4. The Potato Famine

The Irish Potato Famine

The Irish Potato Famine of 1845 to 1848 took over a million lives. Irish farmers were dependent on their potato crops and most of the rural poor relied on these crops for nourishment. When a late blight water mold fungus struck, the crops were ruined and the British provided little aid. In addition to the lives that were lost, the Irish Potato Famine also caused as many as two million people to immigrate to other countries.


5. The Deadliest Drought

The Deadliest Drought

In 1876 to 1879, China recorded the deadliest drought in history making it one of the 10 worst natural disasters of all time. The rivers ran dry killing crops and livestock. Over 9 provinces were affected by the lack of food production and the drought ended up killing over nine million people.


6. The Flu Pandemic

In 1918 and 1919, the flu struck across the world resulting in between 35 million and 75 million deaths. Some reports even estimate that this viral illness killed nearly a 100 million people. In India alone, there were over 16 million deaths. The hardest hit by this were young children and the elderly.


7. The Yangtze, Yellow and Huai River Floods

The Yangtze, Yellow and Huai River Floods

After experiencing a severe drought from 1928 to 1931 in China, torrential rains suddenly appeared from July to August 1931. Because of this, the Yangtze, the Yellow and the Huai rivers flooded killing nearly 4 million people and affecting 51 million people by destroying the rice crops and creating famine and disease which ultimately killed even larger numbers of the population.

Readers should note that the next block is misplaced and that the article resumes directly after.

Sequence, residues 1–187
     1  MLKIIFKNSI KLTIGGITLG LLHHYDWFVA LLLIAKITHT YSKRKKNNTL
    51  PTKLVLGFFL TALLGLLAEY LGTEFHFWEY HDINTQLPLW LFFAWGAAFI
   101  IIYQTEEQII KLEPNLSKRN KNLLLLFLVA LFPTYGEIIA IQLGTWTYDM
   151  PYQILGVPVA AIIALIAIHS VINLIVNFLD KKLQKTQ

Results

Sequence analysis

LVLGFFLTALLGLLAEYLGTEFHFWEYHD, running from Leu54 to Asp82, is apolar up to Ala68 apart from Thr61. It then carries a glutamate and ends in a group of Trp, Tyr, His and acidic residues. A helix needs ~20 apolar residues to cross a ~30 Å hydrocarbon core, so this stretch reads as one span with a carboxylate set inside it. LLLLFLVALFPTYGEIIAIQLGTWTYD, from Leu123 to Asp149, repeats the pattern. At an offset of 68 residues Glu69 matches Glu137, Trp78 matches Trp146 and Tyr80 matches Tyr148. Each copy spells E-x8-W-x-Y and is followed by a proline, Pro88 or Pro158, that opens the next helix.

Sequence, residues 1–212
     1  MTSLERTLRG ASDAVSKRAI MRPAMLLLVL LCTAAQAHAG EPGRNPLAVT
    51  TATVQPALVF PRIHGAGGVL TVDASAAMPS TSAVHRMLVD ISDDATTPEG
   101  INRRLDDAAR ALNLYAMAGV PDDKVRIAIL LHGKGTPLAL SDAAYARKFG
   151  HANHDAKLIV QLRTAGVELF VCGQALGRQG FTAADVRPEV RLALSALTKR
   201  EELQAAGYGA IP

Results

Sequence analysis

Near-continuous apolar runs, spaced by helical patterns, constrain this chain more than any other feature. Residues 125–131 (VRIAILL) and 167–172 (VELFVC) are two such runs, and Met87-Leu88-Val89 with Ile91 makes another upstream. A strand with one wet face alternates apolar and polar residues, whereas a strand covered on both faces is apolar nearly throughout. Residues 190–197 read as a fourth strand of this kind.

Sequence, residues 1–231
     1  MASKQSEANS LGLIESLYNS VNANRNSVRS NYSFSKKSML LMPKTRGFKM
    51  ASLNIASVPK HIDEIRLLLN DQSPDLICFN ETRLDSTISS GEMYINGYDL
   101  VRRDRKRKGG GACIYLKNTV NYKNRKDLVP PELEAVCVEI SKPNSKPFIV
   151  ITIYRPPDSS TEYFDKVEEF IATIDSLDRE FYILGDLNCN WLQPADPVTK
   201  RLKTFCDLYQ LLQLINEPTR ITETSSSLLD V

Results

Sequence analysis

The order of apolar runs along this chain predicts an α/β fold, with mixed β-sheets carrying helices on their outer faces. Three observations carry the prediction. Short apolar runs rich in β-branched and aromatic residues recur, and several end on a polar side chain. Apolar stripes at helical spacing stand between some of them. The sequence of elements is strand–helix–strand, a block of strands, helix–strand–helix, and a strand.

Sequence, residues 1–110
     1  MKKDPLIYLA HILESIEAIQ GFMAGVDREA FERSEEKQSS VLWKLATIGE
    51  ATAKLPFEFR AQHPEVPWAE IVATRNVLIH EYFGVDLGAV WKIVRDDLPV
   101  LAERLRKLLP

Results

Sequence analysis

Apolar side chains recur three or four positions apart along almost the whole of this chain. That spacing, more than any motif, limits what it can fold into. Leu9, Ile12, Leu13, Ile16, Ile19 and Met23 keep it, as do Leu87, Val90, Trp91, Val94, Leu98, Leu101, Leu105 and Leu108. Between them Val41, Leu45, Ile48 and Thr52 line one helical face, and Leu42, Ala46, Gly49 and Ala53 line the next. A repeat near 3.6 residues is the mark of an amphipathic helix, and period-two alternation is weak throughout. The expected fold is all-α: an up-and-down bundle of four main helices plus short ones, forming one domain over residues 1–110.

8. Chinese Famine

Chinese Famine

Over 20 million people died of famine from 1959 to 1961. This incident is debated as a natural disaster though and may in fact be a result of politics rather than decreased food production. This is because the Mao government reported inflated food production and then took 50 percent of the harvests. However, because the reported harvest was inflated, it resulted in the government taking the entire production leaving the people to starve.


9. African Drought

African Drought

In 1981 to 1984 Africa suffered from severe drought in twenty nations. As rivers and lakes dried up, crops and livestock died resulting in up to 20,000 people starving to death each month. Other nations saw the need and came to Africa’s aid. However, by the end of the crisis, over a million people had succumbed to death.


10. North Korea Famine and Floods

North Korea Famine and Floods

A combination of political problems and natural disasters resulted in over 3 million deaths in North Korea from 1995 to 1998. With a period of industrial decline, North Korea was unable to keep up with food production and began rationing food consumption. Soon the distribution channels began to collapse though and a series of floods devastated nearly 40% of their farm land. This led to starvation throughout many of the rural areas.

Natural disasters often affect millions of lives through disease, devastation and starvation. Human behavior can also contribute to how severe the problem is and may add to the death toll. These 10 worst natural disasters of all time each stole over a million lives.

As a reader, have you came across any natural disaster?